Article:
By now you have turned in a January preproposal to the National Science Foundation if you are a biology professor in areas of ecology, evolution, or various kinds of physiology. You may feel good about your preproposal, or you may feel bad about it. You might have found other collaborators. You might have tied your work into a big question more effectively. You might have done one more preliminary experiment. You may be exhausted, happy or unhappy. So it is time for a little perspective.
After all, you are a professor, one of the smartest, most creative, hardest working people there are. Potential grad students struggling with how to impress us on their first interview will admire you and dream of attaining your position. So it is time to pause if you are feeling trapped in the preproposal cycle.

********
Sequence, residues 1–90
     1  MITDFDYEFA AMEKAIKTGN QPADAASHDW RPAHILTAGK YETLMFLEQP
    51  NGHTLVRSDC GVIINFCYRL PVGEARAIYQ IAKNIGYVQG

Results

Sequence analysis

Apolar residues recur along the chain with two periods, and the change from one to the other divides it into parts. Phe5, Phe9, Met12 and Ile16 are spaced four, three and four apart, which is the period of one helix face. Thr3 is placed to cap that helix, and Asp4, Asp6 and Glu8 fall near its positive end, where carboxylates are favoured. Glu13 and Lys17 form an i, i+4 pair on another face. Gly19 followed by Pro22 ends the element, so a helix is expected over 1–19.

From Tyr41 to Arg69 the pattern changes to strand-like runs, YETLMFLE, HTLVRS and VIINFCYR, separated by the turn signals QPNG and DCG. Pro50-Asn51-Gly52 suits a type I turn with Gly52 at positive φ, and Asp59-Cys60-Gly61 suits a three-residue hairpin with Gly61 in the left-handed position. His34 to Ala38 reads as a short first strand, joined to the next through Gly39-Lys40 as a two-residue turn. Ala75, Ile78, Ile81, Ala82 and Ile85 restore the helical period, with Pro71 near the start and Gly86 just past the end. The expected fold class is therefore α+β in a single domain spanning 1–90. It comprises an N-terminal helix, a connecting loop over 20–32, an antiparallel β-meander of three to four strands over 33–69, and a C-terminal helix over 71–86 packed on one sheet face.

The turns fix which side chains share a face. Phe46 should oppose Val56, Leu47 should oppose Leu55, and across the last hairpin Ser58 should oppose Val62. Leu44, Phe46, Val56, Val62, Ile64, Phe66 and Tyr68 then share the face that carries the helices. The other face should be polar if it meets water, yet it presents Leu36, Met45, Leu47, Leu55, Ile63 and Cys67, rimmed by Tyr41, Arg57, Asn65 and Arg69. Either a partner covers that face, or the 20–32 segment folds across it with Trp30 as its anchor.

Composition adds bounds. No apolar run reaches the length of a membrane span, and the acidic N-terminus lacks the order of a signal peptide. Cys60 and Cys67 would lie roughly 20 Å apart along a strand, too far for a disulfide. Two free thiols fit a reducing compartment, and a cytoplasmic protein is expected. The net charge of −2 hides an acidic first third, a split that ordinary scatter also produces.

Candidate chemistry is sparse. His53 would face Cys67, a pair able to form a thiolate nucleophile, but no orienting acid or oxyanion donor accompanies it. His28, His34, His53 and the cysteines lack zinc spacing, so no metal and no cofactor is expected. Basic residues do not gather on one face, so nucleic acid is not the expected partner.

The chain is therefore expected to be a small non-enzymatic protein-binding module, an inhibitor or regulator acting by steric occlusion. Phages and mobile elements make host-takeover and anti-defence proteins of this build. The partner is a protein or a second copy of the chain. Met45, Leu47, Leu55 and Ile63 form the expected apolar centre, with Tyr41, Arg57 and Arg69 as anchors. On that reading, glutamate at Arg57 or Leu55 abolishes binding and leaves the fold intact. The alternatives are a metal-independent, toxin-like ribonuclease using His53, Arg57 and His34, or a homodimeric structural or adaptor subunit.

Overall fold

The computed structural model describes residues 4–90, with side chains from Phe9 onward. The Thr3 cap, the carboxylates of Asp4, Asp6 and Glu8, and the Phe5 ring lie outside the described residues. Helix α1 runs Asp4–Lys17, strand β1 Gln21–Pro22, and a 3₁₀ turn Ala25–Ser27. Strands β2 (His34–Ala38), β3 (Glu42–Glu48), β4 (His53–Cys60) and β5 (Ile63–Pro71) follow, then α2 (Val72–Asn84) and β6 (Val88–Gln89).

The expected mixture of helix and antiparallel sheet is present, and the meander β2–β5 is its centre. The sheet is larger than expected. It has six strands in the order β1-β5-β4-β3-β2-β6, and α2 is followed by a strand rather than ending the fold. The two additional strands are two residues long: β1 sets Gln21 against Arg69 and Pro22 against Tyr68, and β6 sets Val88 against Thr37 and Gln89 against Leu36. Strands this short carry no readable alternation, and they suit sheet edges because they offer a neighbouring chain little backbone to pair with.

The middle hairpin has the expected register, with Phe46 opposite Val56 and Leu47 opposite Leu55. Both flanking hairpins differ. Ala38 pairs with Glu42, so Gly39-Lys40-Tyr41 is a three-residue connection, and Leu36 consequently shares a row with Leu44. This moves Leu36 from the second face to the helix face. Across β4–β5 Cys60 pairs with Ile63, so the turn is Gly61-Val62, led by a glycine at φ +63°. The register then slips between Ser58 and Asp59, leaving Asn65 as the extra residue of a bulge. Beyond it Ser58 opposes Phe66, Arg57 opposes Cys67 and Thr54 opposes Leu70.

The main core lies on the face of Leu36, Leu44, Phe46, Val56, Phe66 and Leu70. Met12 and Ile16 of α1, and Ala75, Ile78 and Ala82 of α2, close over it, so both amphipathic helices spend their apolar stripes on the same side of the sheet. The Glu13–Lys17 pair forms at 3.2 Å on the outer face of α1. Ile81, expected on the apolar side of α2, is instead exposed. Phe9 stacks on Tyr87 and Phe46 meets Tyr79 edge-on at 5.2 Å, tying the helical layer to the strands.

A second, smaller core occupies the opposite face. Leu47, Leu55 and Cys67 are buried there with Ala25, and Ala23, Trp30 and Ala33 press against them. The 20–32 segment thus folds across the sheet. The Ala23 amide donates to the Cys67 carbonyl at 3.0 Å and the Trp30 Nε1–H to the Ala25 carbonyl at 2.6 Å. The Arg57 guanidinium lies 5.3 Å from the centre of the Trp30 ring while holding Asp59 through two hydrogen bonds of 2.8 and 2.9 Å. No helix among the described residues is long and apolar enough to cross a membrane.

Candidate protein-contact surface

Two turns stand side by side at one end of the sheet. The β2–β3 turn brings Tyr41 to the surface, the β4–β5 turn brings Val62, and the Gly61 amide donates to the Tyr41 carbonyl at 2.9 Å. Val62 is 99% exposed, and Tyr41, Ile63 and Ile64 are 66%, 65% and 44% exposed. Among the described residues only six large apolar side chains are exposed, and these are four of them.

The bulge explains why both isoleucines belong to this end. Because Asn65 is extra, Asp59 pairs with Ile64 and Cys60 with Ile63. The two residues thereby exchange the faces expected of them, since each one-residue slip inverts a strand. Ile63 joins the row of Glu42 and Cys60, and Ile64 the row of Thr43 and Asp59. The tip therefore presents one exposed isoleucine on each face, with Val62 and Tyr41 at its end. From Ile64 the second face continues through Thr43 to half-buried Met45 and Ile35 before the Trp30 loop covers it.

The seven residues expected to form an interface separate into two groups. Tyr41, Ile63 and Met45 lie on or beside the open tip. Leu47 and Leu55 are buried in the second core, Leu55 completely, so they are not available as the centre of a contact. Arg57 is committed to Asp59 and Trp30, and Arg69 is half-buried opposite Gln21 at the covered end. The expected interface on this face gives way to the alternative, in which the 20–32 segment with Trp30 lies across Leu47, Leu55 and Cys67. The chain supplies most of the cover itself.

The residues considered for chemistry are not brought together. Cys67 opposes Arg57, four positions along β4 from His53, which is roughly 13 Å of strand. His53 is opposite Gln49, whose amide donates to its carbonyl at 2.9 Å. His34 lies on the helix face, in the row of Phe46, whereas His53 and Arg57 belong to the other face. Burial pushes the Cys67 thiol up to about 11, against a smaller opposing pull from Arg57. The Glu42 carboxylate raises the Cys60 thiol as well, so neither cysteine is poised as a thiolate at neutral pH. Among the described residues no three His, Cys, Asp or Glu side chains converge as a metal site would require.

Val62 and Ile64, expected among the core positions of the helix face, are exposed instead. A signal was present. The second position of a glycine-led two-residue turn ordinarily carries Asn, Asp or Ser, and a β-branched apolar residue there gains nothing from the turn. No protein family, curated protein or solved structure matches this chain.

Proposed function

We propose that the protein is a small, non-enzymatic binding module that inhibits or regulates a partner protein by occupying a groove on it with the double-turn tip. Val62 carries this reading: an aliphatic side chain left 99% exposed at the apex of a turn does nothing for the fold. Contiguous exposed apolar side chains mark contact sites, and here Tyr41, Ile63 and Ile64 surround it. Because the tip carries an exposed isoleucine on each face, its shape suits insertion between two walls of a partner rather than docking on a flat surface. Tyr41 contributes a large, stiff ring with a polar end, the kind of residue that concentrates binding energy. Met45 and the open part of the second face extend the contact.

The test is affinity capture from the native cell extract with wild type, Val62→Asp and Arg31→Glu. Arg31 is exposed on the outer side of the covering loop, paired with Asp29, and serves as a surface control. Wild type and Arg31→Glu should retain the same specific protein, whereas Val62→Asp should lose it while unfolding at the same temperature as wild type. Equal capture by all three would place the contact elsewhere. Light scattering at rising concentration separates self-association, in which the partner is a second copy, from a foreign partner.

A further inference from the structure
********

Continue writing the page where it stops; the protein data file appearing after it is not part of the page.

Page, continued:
Camille Sweeney and Josh Gosfield had a very interesting op-ed in the New York Times on 20 January on the importance of self-evaluation and changing direction. I wish I could tell you it was a scientific study by an important sociologist, but it is not. It argues by example and is likely to be motivated by the desire for publicity for their new book. But what it says is very interesting. The piece argues that your true hurdle is not overcome by working harder, but by working more creatively, even more recklessly, doing things in unexpected and different ways, whether it be music, cooking, or science.
I would add to that the importance of honing in on what you are really good at, what you truly love to do, then becoming the best possible at that in novel ways. Don’t just do what the others do. Find something novel, important to you. Then stretch your creativity. After all, we probably have the most flexible job in the world. Take that freedom and soar.